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The COVID-19 global pandemic is escalating at a fast pace, with major events cancelled, workers self-isolating, and the Federal Government banning large gatherings.
Citizens travelling abroad have also been told to return home to avoid being stranded overseas, with borders closing across the globe.
It’s difficult to keep a calm head in these moments, but that is exactly what the Department of Health is asking us all to do.
“Australia has a world-class health system and is well prepared to deal with this virus, but we are not immune,” a spokesperson for the Department of Health told MedAdvisor.
“Our priority is the health and wellbeing of Australians.”
COVID-19 is a new virus, which means it spreads rapidly as there is no herd immunity.
The virus can spread from person to person through close contact with droplets from an infected person’s cough or sneeze or via the touching of objects or surfaces (like doorknobs or tables) that have cough or sneeze droplets from the infected person, and then touching your mouth or face.
If you are in self-isolation, monitor yourself for COVID-19 symptoms including fever, cough or shortness of breath, the health department spokesperson says.
“Other early symptoms include chills, body aches, sore throat, runny nose and muscle pain.”
If you are self-isolating, it is crucial that you do not interact with vulnerable people, including the elderly or those with compromised immune systems.
So what should you do if you do develop symptoms?
“You should telephone the health clinic or hospital before you arrive and tell them your travel history or that you may have been in contact with a potential case of coronavirus,” the health department spokesperson said.
While there is no vaccine for COVID-19, there is one for the flu so don’t forget to book your flu shot when it’s available: contracting both the flu and COVID-19 can make you very ill.
Helpful daily habits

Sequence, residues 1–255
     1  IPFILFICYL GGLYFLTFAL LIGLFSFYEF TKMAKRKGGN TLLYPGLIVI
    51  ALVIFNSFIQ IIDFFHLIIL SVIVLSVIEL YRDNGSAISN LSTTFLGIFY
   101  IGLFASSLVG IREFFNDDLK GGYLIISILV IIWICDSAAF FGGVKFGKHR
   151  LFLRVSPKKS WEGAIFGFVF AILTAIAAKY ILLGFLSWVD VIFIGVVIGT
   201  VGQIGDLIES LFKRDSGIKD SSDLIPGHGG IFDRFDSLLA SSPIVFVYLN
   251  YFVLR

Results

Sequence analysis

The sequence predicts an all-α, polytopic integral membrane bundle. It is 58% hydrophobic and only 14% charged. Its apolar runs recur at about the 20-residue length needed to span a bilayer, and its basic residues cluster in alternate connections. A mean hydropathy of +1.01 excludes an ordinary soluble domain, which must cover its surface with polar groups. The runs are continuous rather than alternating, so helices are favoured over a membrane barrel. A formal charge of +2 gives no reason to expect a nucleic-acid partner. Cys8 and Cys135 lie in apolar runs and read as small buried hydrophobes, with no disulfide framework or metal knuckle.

Even if you are not required to self-isolate, there are lots of things you can do to decrease your chances of contracting COVID-19, or unwittingly passing it onto others.
Current medical advice states that washing your hands thoroughly, for at least 20 seconds, is an effective way to prevent contamination. The health department advises washing your hands before and after eating, in addition to after you go to the bathroom.
Hand sanitizer is handy, too, but it’s recommend that you apply it liberally to the front and back of your hands. Facemasks are not necessary unless you have the virus, medical authorities have advised.
If you’re still going to the gym, clean the equipment before and after use and apply hand sanitizer before and once you leave.
Chief Medical Officer Brendan Murphy has previously described handshakes as “low risk”, but Prime Minister Scott Morrison is advising against them. Many people are now deploying social-distancing etiquette when outside or at work, which means staying 1.5m away from others.
Dr Murphy has also said that while it may be prudent to stock up on a couple of days’ worth of pantry supplies, panic-buying is not necessary.
Furthermore, it will hurt the most vulnerable in the community, including those who cannot easily get to the stores or those who live from week to week and cannot afford to buy large quantities of items in advance.
Call the National Coronavirus Health Information Line on 1800 020 080; it operates 24 hours a day, seven days a week. If you require translating or interpreting services, call 131 450.
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This story was written by Johanna Leggatt. Johanna is an Australian journalist with more than 15 years’ experience in both print and online. She has worked across a wide range of subject areas, including health, property, finance, interiors, and arts.